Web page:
UK band Escape The Ocean may not at this moment in time have a sound to break down boundaries or set new fires of individuality, but as it pleases and entices within debut EP Internal Landscapes you cannot stop feeling that there is something extra within the craft and imagination of the Kent based quartet which will see them finding their distinct personal voice at some point. The release is an enterprising and accomplished piece of progressive and math rock fusing which leaves a strong depth of satisfaction in its vibrant wake.
Formed in the beginning of 2011, the foursome of vocalist/guitarist Lee Morrison, bassist Glen Savage, guitarist Lewis Monks, and drummer Liam Foy have taken inspirations from the likes of Coheed and Cambria, The Fall of Troy, At the Drive-In, Glassjaw, The Smashing Pumpkins, Tool, Karnivool, The Butterfly Effect, and Primus and created a sound which maybe has a familiarity at times but is undeniably inventive and skilfully crafted. As mentioned Internal Landscapes has something which catches the ear and thoughts and that ignites a definite promise for the band ahead and pleasure now.
From the brief Entry To An Interior, a melodic intro so short it is merely an appetiser for and leading into the following All Signs Point To Yes, the first full track immediately soaks the ear in strong vocals and fiery melodic enterprise from the guitars, their touch acidic around the great vocal delivery of Morrison a strong appealing blaze veined by the rhythmic sinews of Foy who in turn is aided by the throaty prowl of Savage. As the song proceeds and the progressive flames of Morrison and Monks explore the air you feel loud whispers of Mars Volta amidst the impressive venture being craved out. Not the most instant and infectious of the tracks making up the EP but it is nevertheless a strong and inviting start.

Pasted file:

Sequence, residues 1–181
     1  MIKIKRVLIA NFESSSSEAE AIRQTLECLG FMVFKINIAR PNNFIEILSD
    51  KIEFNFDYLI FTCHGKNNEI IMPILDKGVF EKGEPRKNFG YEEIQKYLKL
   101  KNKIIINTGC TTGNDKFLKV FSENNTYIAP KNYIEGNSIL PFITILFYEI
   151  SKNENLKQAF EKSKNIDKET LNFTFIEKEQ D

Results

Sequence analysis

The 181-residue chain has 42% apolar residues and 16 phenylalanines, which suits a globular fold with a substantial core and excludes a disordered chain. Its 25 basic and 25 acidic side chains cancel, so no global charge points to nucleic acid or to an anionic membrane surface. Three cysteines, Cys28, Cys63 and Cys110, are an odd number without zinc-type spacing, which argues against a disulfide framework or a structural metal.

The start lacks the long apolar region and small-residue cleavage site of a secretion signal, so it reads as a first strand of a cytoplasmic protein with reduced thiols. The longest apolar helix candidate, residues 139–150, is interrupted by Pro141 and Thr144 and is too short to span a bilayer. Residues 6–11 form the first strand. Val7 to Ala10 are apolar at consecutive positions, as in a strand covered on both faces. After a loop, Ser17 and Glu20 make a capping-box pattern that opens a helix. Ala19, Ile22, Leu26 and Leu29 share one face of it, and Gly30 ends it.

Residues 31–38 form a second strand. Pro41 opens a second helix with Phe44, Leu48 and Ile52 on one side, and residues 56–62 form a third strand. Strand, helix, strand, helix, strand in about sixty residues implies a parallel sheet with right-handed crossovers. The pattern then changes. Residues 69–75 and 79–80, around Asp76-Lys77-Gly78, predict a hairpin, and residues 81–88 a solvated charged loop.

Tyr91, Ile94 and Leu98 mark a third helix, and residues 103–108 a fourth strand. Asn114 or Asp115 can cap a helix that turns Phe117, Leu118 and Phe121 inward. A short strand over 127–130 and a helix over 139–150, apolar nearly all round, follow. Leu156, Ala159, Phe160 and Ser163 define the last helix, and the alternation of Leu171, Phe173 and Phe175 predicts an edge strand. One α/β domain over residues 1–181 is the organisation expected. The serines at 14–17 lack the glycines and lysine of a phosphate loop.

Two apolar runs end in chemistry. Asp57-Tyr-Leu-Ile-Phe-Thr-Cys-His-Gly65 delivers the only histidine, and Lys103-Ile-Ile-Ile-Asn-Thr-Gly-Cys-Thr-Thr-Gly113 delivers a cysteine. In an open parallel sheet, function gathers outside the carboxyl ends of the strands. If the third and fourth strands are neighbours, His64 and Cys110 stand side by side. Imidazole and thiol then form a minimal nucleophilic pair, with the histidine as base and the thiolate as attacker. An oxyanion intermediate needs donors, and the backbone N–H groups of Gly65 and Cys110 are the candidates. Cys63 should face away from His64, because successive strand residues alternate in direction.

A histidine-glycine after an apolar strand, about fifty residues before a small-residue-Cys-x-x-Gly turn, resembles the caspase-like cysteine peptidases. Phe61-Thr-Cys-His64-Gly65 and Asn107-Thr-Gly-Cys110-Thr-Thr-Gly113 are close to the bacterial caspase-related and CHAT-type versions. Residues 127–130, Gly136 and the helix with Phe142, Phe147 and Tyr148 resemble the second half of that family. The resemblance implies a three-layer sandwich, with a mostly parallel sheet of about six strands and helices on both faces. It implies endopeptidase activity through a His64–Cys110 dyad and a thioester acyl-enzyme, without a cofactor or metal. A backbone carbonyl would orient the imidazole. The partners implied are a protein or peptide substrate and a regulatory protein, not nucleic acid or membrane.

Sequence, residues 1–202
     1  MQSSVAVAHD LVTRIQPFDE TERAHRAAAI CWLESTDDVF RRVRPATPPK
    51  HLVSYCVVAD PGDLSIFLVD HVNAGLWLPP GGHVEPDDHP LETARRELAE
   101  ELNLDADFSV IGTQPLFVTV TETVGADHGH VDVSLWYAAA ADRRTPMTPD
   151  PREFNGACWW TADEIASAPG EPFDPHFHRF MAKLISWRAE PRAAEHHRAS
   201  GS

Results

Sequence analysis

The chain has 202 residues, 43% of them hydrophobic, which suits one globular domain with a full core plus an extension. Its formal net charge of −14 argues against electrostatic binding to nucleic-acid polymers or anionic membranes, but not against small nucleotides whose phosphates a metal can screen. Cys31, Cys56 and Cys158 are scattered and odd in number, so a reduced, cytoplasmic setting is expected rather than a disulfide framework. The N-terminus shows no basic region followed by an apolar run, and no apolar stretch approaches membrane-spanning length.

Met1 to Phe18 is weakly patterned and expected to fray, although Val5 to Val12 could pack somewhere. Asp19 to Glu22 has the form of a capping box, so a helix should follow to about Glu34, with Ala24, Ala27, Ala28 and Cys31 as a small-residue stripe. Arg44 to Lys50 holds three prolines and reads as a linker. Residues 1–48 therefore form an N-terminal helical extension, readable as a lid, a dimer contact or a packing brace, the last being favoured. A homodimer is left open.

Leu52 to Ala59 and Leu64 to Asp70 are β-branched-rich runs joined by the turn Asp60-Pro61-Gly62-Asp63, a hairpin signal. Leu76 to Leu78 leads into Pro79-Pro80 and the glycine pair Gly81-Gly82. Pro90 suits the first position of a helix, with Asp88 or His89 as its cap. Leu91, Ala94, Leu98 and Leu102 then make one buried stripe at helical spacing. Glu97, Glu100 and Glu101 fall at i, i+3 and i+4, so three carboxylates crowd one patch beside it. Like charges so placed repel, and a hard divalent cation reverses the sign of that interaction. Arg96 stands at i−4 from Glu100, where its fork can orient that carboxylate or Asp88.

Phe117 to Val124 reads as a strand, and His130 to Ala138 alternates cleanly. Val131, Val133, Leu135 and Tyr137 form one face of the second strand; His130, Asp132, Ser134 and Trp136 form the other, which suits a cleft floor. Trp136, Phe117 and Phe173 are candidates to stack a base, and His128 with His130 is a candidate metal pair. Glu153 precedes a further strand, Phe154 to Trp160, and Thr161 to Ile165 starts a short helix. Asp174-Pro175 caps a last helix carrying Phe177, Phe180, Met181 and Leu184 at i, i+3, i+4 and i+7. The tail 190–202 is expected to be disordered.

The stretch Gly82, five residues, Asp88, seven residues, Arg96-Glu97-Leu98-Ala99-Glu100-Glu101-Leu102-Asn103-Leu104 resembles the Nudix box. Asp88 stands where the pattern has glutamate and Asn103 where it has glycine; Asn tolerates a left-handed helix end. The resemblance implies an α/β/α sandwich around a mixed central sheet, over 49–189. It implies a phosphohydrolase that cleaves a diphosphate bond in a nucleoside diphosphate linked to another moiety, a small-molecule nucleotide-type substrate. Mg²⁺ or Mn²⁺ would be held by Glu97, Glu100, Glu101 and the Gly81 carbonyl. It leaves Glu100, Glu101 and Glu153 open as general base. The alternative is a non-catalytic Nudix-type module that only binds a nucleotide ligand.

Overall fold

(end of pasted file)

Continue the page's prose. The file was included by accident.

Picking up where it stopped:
One Sided Dice gently enters in next, the elegant caress of guitar a simple yet full persuasion before the emerging twists of invention increases the lure with a less dramatic but still an At The Drive In like similarity. Once again the vocals are a strong factor, the expressive tones of Morrison and the overall emotive narrative finding mutual understanding in the restrained yet potent sounds and energy surrounding its call. The temperature of the song undulates and increases the nearer to its climax you go but at no point is the sweltering breath and touch of the track less than tempting.
Mesculine Vigil and Exit Wound complete the release, the first like its predecessor a more reserved but passionate encounter. The guitars again cast a colourful sonic painting over the rhythmic canvas, their invention sparking surges of emotional flaming and descriptive evocations whilst the closer from again a Mars Volta like mesmeric start, builds an intriguing weave of arousing textures and potent endeavour. It is a fine end to an equally enjoyable debut. Escape the Ocean may have a way to go to develop their unique voice but for craft and imagination no one is left wanting by Internal Landscapes. This is a band and release which definitely should be checked out.
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